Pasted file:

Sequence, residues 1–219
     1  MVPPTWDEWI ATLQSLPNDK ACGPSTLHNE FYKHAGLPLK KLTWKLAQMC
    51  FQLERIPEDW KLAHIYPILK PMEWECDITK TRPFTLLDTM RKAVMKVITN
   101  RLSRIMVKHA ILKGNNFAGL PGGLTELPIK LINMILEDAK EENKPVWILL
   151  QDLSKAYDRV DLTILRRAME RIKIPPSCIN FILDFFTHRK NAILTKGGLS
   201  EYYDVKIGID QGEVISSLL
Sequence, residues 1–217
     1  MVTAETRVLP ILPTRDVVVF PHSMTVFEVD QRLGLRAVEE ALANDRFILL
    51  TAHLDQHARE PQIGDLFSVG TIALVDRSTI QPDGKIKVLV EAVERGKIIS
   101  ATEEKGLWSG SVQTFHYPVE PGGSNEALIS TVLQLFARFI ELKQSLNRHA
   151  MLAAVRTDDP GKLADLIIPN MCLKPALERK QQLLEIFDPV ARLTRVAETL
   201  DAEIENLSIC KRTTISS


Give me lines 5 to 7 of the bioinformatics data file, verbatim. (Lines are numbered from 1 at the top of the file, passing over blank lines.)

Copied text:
   151  QDLSKAYDRV DLTILRRAME RIKIPPSCIN FILDFFTHRK NAILTKGGLS
   201  EYYDVKIGID QGEVISSLL
Sequence, residues 1–217